Whenever I would like to introduce someone unversed in classical music to the world of symphony, I try not to start with Mozart. Listening to Mozart tends to make you feel old; at least that’s what some of my classically-trained friends say. (I, on the other hand, do not agree.) Beethoven also does not make an ideal opening, for while his Whip of Nine Lashes contains unbelievably powerful themes, it requires intensive training to actually tap into that majestic and often deadly energy. And Mahler, definitely not Mahler! Yes, his symphonies are among the most grandiose of the literature, but they contain undeniably ugly sounds. Every dedicated musician will eventually reach a point in their musical life when they can appreciate an ugly piece of music for its inner beauty; but it usually takes years to get there.
Instead of presenting a symphonic work by any of the well-known great masters mentioned above, I like to start with one by a composer who may not possess too much fame nowadays: Sergei Rachmaninoff. His Second Symphony is an excellent “starter symphony” for the following reasons: 1.) it is hauntingly beautiful, 2.) you don’t need to think and analyze to appreciate its beauty, and 3.) it represents hope and redemption; it is proof of one’s ascent from utter failure to renewed triumph.
The third point which I made might require some background on Rachmaninoff’s life to fully comprehend. Sergei Rachmaninoff (1873-1943) was a Russian pianist, conductor, and composer who came after Tchaikovsky. He was trained at the Moscow Conservatory as a pianist, but from youth possessed an affinity for composition. In 1897 he presented his First Symphony, his most ambitious work at the time, at the St. Petersburg Conservatory. The reception was a disaster; in fact, the work was regarded as a musical representation of Hell and the Ten Plagues of Egypt. Later historical analysis revealed that these lashing criticisms had nothing to do with the composition itself, but likely arose as a result of social (deep-seated rivalry between the Moscow and St. Petersburg Conservatories) and performance (the conductor was drunk) factors. At the time, Rachmaninoff thought, of course, that it was entirely his incompetence to blame. The unexpected blow launched him into a four-year depression, during which he exhibited minimal productivity. Eventually, after resorting to a series of autosuggestive therapy sessions from a psychiatrist, was he finally able to restore his self-confidence.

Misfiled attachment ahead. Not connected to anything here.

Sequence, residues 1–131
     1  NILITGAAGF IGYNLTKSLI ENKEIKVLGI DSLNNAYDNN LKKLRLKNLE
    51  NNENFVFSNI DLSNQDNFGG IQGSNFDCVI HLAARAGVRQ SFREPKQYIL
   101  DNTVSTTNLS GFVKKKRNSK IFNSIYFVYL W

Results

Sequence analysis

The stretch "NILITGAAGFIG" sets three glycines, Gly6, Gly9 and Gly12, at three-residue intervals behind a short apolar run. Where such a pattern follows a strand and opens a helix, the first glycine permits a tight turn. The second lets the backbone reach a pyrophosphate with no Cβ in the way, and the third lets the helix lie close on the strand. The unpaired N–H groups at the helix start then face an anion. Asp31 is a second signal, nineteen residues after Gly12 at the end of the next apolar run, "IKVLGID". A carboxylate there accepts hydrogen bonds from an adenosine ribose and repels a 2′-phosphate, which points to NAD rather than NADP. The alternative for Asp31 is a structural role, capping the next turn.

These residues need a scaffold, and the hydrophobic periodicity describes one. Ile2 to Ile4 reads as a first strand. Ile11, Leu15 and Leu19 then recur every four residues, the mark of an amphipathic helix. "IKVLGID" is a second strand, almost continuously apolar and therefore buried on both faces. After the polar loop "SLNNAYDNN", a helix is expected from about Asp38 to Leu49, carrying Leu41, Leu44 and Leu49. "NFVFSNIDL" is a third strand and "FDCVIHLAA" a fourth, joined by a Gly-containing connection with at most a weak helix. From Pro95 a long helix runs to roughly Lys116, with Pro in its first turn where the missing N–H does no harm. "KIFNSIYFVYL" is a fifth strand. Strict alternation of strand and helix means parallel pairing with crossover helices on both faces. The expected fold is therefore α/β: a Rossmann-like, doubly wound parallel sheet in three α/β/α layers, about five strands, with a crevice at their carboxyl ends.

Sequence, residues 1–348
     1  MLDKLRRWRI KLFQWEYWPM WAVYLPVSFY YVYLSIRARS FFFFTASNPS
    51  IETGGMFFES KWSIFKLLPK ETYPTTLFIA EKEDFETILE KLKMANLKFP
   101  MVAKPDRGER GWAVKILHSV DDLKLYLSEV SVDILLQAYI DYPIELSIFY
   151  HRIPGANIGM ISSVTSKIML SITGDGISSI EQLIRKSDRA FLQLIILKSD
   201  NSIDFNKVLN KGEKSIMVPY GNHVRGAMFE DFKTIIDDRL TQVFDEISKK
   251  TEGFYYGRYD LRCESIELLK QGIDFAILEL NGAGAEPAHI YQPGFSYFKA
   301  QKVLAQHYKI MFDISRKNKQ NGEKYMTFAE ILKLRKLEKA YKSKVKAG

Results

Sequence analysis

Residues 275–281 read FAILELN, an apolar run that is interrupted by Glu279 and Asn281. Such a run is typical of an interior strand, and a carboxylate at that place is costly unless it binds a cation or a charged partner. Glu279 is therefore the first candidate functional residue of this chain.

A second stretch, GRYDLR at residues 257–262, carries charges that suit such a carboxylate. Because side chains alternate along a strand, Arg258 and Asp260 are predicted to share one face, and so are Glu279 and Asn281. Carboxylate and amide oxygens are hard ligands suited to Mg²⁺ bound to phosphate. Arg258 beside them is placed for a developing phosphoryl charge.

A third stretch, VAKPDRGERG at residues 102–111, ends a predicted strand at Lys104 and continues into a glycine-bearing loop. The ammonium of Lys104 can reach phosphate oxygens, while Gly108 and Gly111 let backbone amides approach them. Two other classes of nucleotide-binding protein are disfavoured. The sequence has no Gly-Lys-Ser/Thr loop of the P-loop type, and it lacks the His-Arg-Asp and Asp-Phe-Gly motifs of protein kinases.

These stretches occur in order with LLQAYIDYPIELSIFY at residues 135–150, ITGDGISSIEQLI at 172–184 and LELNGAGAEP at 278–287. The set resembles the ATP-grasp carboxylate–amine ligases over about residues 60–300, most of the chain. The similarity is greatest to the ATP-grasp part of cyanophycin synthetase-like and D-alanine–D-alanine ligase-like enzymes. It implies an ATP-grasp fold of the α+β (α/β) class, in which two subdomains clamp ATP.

Having survived his crisis, Rachmaninoff went on to compose what is perhaps his most renowned work: the Second Piano Concerto. But he still desired to prove that he could write a symphony, and it wasn’t until five years later that he finally found the courage to do so. Thus was born his Second Symphony, composed in 1906-1907. The work won him the coveted Glinka Prize, an extremely prestigious award at the time.
The symphony contains four movements (or sections), and usually takes one hour to perform. Here, I would like to focus on the third movement: the Adagio. This movement was so influential that many later pop singers based their songs on it (eg. Eric Carmen’s “Never Gonna Fall in Love Again”). In the Adagio, the symphony reaches its emotional climax.
The Adagio is a perfect blend of passion and serenity; it takes divine beauty to its upper limits. It does not show a single morsel of the composer’s fearful and hesitant state of mind when he was writing this. But rather, all we hear is undying hope and an obsessive desire to live. Sit back, close your eyes, and let its heavenly caress wash over you, melody after melody, in a dream that does not seem to ever end. We begin with a short graceful tune in the strings, and then, as if seeing an angel, the entire orchestra hushes, yielding itself to the voice of the angel—a solo melody in the clarinet, whose gentle innocence cannot be described in words. We are then blessed with two huge climaxes, after which the angel’s song appears again (this time, in violins and violas). Then comes the most glorious climax of all (and I assure you, you wouldn’t hear anything like this in Mozart or Beethoven), at which one might tremble and die at its immense power, followed by silence. A million thoughts rush through one’s mind. What did I just experience? Was it heaven? If only I could live for another such moment, I would live!
Sergei Rachmaninoff: Symphony No 2 in E minor, Op. 27, III: Adagio